Work and Energy - Mission WE3 Detailed Help

Which of the following variations will increase the potential energy of an object?

The potential energy is the energy stored in an object due to its vertical position above (or below) the ground or some zero level. The amount of potential energy (PE) possessed by an object depends upon its mass (m) and its height (h). The formula for calculating the potential energy is
PE = m • g • h

where g is the gravitational field strength (9.8 N/kg on Earth).

The formula for potential energy is stated in the Formula Frenzy section above. As expressed by the equation, potential energy depends upon the mass and the height of the object. Any increase in these two quantities will lead to an increase in the amount of potential energy possessed by the object.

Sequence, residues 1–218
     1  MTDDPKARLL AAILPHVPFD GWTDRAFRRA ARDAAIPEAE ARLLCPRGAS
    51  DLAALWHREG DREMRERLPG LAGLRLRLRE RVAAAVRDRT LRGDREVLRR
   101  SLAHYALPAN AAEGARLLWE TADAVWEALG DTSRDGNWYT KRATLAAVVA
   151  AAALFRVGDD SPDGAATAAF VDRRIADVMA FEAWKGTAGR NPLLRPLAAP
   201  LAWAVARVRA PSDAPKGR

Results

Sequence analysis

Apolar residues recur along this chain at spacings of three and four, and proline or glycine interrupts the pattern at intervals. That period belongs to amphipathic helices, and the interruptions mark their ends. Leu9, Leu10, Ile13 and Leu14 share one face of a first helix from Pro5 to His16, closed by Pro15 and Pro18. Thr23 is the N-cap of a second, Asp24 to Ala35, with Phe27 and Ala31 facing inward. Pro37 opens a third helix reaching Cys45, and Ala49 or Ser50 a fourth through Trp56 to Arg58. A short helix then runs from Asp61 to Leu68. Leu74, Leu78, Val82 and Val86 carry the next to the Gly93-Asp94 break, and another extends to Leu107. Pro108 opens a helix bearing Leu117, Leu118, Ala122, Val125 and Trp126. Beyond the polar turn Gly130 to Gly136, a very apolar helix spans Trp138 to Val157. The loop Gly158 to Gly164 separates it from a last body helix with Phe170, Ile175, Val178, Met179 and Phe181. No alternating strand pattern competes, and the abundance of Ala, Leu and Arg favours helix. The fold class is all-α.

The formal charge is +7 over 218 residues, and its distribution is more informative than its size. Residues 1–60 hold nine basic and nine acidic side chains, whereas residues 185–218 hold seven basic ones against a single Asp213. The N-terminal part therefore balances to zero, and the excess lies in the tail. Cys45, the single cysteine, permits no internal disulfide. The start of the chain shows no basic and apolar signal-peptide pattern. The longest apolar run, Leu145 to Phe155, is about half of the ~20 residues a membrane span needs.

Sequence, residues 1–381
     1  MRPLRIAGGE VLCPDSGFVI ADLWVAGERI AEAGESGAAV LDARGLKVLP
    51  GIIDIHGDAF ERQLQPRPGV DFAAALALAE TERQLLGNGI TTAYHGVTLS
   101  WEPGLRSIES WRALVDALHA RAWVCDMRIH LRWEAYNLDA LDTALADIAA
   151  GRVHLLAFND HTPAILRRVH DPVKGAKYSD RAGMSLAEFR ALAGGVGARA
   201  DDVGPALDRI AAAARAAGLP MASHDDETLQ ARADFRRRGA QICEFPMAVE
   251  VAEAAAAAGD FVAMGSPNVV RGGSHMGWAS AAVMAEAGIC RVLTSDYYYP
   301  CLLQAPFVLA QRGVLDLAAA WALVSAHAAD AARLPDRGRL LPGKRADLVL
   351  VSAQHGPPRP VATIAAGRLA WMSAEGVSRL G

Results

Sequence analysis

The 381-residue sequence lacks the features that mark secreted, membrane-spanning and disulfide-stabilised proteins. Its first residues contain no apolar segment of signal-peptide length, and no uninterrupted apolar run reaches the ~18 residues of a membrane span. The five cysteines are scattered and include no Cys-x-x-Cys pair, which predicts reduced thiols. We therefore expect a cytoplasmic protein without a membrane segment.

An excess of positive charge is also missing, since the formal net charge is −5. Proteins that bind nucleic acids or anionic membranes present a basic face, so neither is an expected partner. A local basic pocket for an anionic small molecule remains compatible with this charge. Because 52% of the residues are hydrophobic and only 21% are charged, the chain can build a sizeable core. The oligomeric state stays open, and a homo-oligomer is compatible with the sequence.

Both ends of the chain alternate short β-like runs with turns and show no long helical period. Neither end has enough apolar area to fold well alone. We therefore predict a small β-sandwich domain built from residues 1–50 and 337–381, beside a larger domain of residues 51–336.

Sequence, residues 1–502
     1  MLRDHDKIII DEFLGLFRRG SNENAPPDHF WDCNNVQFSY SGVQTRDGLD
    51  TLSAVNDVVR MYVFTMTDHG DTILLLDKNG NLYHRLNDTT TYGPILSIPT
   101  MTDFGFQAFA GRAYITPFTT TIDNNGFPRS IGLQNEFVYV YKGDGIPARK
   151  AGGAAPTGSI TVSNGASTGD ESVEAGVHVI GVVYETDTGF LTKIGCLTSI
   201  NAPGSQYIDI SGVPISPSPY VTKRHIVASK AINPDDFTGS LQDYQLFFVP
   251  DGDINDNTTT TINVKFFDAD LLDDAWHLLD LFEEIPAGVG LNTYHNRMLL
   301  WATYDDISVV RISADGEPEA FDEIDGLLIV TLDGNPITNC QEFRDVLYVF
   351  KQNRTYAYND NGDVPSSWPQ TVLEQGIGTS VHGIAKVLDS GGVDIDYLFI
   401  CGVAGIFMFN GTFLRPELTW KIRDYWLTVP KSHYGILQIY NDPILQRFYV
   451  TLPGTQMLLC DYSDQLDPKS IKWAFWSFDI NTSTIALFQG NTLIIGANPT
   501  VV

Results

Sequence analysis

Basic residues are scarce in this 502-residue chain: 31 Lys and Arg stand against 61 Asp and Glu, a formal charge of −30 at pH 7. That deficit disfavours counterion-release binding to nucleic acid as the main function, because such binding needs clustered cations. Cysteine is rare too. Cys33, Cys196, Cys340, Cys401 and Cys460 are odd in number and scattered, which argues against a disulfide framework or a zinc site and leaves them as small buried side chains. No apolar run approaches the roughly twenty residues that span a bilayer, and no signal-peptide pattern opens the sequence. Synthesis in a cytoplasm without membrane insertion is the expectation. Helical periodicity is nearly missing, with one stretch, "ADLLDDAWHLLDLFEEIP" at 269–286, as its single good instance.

Many students become confused by height, speed, and potential energy. Potential energy is simply the energy stored in an object due its vertical position. The higher an object is raised, the more potential energy which it possesses. Often times (but certainly not always) an increase in height corresponds to a decrease in speed. So some gain the impression that a decrease in speed will always lead to an increase in height. But don't be fooled! This type of thinking is not correct. First, it puts the cart before the horse (or the effect before the cause). It is an increase in the height that causes the decrease in speed (when they do correspond to each other). And second, it is simply not always true that the change in height leads to a change in speed. It is possible for an object to decrease its height at a constant speed - for instance, when climbing down a flight of stairs or descending on an elevator. In the end, the only two variables which can be used to evaluate whether or not the potential energy has increased are the variables of mass and height.